Evidence of a wave of Covid-19 deaths is emerging in Beijing, although official records show no fatalities since an uncontrolled outbreak swept through China’s capital this week.
Workers at a crematorium in Beijing said they cremated the bodies of at least 30 Covid victims on Wednesday, and reporters from the Financial Times saw two body bags at a special hospital for coronavirus patients.
“We cremated 150 bodies [on Wednesday], many times more than a typical day last winter,” said an employee at the Beijing Dongjiao state funeral home, who asked not to be named. “Thirty or 40 had Covid.”
“We’ll do it as soon as possible [and] Prioritizing Covid deaths,” the staffer added. “We cremate them the same day they are brought in.”
Chinese officials have reported no Covid-related deaths nationwide since December 4. However, workers at two Beijing crematoria said the total number of deaths is much higher than normal as the capital is hit by its first significant coronavirus outbreak.
The two body bags were visible in a room next to the lobby of Shuangqiao Hospital designated for Covid patients. An 86-year-old Covid patient in a wheelchair struggled to keep his eyes open in a hallway. The man’s relatives, who asked not to be named, said he stopped eating shortly after contracting the virus four days earlier.
At Chui Yang Liu Hospital, which treats Covid and non-Covid patients, four bodies on stretchers were covered with white cloth and pushed to the side of the emergency room Thursday night. “Some had [Covid] and some don’t,” said one paramedic.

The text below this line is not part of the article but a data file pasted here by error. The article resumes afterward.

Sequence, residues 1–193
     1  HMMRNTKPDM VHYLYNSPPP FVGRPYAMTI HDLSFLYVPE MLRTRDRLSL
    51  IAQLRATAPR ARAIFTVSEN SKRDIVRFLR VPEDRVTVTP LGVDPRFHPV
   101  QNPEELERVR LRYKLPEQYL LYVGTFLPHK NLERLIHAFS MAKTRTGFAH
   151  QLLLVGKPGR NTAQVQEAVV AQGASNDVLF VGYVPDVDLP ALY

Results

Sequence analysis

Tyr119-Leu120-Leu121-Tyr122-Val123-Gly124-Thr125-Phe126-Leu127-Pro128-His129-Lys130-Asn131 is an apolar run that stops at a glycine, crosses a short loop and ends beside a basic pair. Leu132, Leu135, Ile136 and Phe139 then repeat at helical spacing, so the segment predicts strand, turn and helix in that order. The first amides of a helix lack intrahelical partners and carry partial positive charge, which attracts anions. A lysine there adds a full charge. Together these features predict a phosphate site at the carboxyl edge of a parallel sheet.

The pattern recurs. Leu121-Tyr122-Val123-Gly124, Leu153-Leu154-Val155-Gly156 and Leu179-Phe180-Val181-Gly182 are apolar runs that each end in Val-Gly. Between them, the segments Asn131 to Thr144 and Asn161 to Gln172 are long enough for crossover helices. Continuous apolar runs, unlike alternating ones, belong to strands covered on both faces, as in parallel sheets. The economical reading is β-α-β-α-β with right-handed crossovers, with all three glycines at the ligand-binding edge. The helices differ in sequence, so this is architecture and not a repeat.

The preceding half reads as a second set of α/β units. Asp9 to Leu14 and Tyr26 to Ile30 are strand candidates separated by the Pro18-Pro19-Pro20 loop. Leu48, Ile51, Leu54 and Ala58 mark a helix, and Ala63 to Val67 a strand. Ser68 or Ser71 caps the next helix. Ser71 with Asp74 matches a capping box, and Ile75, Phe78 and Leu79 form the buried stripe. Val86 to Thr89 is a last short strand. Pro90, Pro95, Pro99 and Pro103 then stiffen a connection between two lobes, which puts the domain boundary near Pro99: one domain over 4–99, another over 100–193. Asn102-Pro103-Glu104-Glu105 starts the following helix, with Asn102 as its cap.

FT reporters saw another man on the floor in an entryway gasping for air on Thursday but could not confirm if he had Covid.
On Friday morning, the man, who appeared to be in his 60s, remained lying in the same spot, looking extremely pale. A small group of people carrying a coffin out the door said it contained the body of a relative who had died from Covid.
The virus is sweeping through the Chinese capital just a week after authorities abandoned nationwide zero-Covid controls with little warning, leaving many Beijing residents struggling to find medicine and access medical care. The surge is pushing the healthcare system to its limits, and medical workers in the capital are being asked to stay on the job even if they become infected.
China’s National Health Commission on Wednesday stopped providing the total number of Covid cases and reported no deaths in the country since Dec. 4, when the top medical body recorded two deaths in Shandong and Sichuan provinces a day earlier.
But on Thursday, a line of black vans carrying caskets and cars full of mourners snaked through the crowded parking lot outside Beijing’s Dongjiao Funeral Home. A driver, who asked not to be named, said he and his colleagues bring in 20 to 30 bodies a day, compared to four or five on typical days.
A Beijing resident, Wei Yansu, said her grandmother died in neighboring Hebei Province this week, four days after she was diagnosed with Covid. “She was infected during this outbreak wave and caused a cerebral infarction,” Wei said.
Signs around the Tongzhou Funeral Home in Beijing’s eastern suburbs say that since last Sunday the facility began limiting the number of bodies of people registered outside the district for “blast furnace maintenance.”
Both crematoria referred questions to the Beijing Civil Affairs Department, which did not respond to a request for comment. China’s NHC and the Beijing Health Commission did not respond to requests for comment. Phone calls to Shuangqiao Hospital went unanswered after doctors working there said they could not speak to the media.
Staff at the Tongzhou Funeral Home, who asked not to be identified, told the FT the facility is facing unusually high demand and is having “Covid deaths every day”, although it is not clear how many of the deaths are Covid-related overall related.
“We burn from morning to 10 p.m.,” said one. “The ovens can’t stand it.”